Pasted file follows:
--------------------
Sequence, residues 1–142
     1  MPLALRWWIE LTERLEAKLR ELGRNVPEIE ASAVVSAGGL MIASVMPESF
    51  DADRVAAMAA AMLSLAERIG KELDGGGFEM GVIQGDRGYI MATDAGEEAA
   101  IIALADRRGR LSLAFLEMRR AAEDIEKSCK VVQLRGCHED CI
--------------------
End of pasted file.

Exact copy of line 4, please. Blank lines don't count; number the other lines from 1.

   101  IIALADRRGR LSLAFLEMRR AAEDIEKSCK VVQLRGCHED CI